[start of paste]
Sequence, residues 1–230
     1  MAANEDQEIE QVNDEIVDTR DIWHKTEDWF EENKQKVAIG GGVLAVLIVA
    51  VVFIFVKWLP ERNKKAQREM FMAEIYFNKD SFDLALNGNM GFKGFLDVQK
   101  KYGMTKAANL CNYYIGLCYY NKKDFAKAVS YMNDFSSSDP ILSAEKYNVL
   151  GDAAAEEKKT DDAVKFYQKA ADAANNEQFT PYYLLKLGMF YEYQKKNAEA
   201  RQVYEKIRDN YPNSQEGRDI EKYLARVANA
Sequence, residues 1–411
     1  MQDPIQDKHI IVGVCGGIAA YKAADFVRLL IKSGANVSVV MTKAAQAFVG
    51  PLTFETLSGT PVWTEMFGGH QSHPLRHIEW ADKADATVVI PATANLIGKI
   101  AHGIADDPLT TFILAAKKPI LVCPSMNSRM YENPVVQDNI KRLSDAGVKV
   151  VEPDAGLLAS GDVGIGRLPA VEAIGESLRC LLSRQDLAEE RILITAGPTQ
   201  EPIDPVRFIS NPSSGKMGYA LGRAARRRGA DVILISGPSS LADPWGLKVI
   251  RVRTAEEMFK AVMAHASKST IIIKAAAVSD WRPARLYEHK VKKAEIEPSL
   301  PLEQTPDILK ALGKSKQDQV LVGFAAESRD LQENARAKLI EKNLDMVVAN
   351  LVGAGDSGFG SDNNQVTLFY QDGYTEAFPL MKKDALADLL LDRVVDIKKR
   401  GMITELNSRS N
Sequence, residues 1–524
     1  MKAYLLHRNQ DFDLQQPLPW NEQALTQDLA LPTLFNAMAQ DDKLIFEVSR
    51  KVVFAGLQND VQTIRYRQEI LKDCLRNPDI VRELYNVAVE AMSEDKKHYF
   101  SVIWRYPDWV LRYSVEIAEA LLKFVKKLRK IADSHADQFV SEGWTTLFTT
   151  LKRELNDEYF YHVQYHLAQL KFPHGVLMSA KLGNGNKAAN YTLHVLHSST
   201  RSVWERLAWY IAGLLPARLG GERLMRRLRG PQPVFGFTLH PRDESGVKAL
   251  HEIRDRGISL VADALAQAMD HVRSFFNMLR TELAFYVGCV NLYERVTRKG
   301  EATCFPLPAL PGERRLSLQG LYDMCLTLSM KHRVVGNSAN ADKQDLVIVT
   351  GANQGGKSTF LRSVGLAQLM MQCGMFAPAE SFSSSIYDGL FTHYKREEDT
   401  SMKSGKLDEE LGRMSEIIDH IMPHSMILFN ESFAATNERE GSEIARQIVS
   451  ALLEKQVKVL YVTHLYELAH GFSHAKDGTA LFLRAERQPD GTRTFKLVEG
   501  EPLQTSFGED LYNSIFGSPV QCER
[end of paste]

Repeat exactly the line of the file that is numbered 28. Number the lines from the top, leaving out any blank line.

   501  EPLQTSFGED LYNSIFGSPV QCER